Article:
January 7, 2010, 1:32 pm

Speaking of Degrees…

cutiedollI love this doll!!!!

She’s so cuuuuuute!!!!!!!!

I should buy her. Found her at Ruby Lane, which has a bazillion shops, but if you type “nursing” into the search box you will find a treasure trove of nursing ephemera. Diplomas, pins, yearbooks, prints, journals – I’ve found stuff I didn’t even know existed.

Bought an entire year of the American Journal of Nursing (’58) and it is in my closet, just waiting for me to scan!

I see a resemblance.

Must be the freckles.


interviewLooking to hire nursing staff?

You might want to check out All Health Jobs and All Nursing Jobs. They will post your job openings for free – just use the coupon code “Emergiblog”.

Are you looking for a new job? They’ve got hundreds of positions listed. I know, I’ve checked it out. Not that I’m looking for a new job, or anything. Just like to keep an eye on what is going on out there.


The discussion regarding the entry level for nursing has been ongoing for decades. I have articles written in the 1940s extolling the virtues of the BSN long before the first ADN program opened in 1952.

Every now and then, someone broaches the topic of making the BSN the entry level and BAM! the flames that ensue make the health care reform debate look like Mr. Roger’s Neighborhood.

Why the rancor?

Well, if one states that the BSN should be the entry level for a registered nurse, then it follows there must be a reason why an ADN should not.

That does not sit well with ADN graduates.

It sure didn’t sit well with me.


Now, 5 months away from graduating with my BSN, I see a difference.

Or, I guess you can say I feel a difference.

I am a different nurse than I was 2 1/2 years ago.

Notice, I didn’t say “better”.


My clinical skills are the same.

If you want to define nursing as the ability to put the right tube in the right orifice using the right technique, the BSN gives no advantage. Clinical skills for the ADN and the BSN are taught in class but honed in practice. While the ADN program may include more clinical hours, it has been my experience that neither program produces nurses ready to “hit the road running”.

My understanding of nursing has broadened.

Some disdain nursing theory and say it has no basis in daily practice, but have they really looked at what theories are out there? All nursing programs are based on one. For me it was Sister Calista Roy’s Adaptation Model. Theories give a framework, a way of approaching assessment and care, a nursing philosophy.  You can argue that it’s useless, but you are using one every day, whether you realize it or not.  Now, it will be a cold day in Hades before I use “Energy Field Disturbance” as a nursing diagnosis but until I studied theory, I had no idea that Rogers’  Science of Unitary Human Beings even existed.  When I saw Jean Watson’s Theory of Human Caring, it was like getting hit by lightening. Watson’s theory, to me, is nursing.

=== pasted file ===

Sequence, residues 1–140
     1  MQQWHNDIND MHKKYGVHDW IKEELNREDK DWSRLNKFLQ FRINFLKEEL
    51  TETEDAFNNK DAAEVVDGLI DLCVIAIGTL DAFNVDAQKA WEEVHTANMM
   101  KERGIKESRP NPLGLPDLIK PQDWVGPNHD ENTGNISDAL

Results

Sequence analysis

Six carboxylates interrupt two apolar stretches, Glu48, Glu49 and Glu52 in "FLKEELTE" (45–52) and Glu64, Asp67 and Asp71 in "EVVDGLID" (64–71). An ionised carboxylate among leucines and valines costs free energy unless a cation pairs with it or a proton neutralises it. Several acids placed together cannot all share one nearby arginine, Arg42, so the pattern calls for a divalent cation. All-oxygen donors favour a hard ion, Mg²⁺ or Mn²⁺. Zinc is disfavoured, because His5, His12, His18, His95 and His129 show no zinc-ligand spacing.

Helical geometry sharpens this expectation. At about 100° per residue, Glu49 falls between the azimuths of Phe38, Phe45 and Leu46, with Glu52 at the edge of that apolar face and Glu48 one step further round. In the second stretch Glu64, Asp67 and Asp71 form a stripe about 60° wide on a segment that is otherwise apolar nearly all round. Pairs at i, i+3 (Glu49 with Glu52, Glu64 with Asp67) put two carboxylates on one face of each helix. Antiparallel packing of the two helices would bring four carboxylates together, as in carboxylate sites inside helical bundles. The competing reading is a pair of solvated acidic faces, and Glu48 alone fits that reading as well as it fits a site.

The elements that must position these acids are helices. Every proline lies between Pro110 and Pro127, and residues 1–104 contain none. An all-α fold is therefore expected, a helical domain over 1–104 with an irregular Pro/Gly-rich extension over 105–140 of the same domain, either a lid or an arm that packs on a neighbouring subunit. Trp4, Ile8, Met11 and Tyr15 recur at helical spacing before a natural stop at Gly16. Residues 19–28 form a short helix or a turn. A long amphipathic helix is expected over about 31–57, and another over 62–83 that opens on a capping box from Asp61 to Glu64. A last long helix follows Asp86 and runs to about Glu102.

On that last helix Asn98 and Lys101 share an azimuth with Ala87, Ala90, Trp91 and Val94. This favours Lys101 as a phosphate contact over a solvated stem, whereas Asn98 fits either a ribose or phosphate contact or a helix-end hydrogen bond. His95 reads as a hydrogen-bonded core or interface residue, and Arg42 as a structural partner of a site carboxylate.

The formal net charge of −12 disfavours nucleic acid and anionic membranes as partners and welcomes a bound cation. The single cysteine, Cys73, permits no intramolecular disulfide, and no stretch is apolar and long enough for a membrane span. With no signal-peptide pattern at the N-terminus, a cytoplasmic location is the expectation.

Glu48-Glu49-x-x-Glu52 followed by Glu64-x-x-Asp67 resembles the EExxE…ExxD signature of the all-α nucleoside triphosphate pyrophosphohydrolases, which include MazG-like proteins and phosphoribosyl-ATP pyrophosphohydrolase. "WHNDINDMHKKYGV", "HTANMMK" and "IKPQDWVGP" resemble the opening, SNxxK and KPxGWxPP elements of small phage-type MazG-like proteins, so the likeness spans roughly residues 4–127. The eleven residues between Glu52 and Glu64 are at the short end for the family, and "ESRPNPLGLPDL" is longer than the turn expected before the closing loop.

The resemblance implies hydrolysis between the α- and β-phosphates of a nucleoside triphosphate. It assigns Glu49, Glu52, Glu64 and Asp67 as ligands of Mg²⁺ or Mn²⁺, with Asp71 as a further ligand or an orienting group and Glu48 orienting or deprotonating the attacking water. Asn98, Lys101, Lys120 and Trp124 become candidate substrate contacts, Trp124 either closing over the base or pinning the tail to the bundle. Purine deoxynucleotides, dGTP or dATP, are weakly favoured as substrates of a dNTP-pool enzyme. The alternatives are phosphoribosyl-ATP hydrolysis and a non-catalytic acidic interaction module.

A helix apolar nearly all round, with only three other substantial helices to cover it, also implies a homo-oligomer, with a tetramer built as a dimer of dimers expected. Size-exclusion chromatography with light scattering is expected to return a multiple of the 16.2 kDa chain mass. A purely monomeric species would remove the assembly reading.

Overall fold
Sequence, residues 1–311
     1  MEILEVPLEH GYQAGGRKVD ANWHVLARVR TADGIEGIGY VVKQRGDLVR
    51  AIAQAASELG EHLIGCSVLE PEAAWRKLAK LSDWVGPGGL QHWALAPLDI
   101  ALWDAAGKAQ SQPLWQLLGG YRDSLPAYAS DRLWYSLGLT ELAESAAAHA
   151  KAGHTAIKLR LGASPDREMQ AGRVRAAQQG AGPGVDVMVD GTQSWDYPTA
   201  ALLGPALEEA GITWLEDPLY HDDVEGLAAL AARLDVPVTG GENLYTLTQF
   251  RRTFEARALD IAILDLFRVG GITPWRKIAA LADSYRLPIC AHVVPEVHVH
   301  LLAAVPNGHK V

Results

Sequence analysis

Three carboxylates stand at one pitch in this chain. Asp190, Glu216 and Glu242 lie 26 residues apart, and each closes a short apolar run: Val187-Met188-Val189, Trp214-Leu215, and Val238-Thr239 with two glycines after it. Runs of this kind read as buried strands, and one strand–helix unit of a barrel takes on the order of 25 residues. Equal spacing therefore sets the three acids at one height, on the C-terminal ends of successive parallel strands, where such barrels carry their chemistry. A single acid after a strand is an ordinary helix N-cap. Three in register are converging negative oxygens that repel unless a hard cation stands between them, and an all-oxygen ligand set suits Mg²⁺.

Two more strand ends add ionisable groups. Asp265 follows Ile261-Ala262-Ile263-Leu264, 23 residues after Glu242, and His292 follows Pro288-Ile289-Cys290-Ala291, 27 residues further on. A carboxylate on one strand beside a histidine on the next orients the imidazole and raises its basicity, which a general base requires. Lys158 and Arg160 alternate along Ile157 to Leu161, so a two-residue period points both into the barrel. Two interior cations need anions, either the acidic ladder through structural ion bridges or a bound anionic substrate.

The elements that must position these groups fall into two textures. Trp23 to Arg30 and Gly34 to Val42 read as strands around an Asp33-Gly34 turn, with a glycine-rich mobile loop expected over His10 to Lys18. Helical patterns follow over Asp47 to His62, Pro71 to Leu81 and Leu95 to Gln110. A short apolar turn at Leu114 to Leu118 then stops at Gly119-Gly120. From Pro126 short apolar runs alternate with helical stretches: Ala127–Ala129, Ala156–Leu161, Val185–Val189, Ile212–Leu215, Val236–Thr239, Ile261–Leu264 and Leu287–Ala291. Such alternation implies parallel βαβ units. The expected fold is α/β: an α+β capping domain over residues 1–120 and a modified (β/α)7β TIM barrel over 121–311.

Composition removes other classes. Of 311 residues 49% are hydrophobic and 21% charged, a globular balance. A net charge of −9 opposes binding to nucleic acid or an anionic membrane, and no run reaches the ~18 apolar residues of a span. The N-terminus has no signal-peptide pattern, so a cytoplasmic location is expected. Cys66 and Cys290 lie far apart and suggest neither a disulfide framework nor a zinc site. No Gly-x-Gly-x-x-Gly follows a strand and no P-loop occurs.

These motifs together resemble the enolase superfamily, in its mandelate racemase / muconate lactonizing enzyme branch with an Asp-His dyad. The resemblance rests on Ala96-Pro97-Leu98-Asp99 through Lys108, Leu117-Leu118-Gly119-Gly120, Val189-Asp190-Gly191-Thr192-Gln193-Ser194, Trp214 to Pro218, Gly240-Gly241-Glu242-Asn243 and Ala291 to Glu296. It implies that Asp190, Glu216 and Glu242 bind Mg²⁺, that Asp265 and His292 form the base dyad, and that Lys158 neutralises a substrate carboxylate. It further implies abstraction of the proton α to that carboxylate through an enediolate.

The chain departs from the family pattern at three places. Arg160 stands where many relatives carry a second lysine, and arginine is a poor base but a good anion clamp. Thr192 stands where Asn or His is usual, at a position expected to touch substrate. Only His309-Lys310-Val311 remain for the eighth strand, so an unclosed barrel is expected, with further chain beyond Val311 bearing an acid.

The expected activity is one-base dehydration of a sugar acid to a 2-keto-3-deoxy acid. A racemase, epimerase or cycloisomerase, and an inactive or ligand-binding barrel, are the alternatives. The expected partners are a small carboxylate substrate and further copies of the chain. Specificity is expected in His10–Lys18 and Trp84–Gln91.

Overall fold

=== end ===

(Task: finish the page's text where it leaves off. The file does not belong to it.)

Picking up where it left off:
Do my patients know which nursing theory I adopt? No. Do they care? No.

But I know. And I care. My nursing care has more depth, more perspective and a greater meaning to me because of the wider knowledge obtained through an in depth study of nursing theory.

I didn’t get that in my ADN program.

The nursing profession is more diverse than I imagined.

Okay, yeah I knew there was home health and public health was something done “out there” somewhere and some nurses worked 9-5 in a clinic, but like a horse wearing blinders, all I saw is what was right before me. Bedside hospital nursing.  That’s what I was educated to do.  Anything outside of bedside nursing required a BSN, minimum. No way was I going to do that! Blech! I lived nursing full time as it was.

As a result, I was never able to take advantage of opportunities that were there when I was so burnt out at the bedside I left crumbs when I walked.

Case management, nurse practitioner, becoming a nursing professor, home health, nursing research, school nursing and lord almighty, public health!!!!  I had no idea about public health – I thought it was visiting people in homes and running immunization clinics. It’s is that, but it is so much more!

You can advocate for patients, thousands at a time, in so many ways!

I was not exposed to that in my ADN program.


I guess you could say the last 2 1/2 years have been a transforming process for me. The BSN program has enriched my life, my practice and, although they would never know it, my patients.

So, do I think the BSN should be the entry level degree into nursing?

Well, if I said yes, I’d need Secret Service protection!

I would say if you are just entering the profession and it’s at all feasible for you, go the BSN route from the start.

I think it should be required – BUT (hold your fire!) there much to be said for being an ADN grad and then going for the BSN. In fact, I would almost recommend that. I know that I have gotten so much more out of the BSN education with many, many years of clinical practice behind it.

When you are an ADN and you are studying for the BSN, you have perspective, a place to assimilate what you are learning into your current practice. Subjects like nursing theory and research take on a clearer perspective, as opposed to being vague ideas and dull methodologies.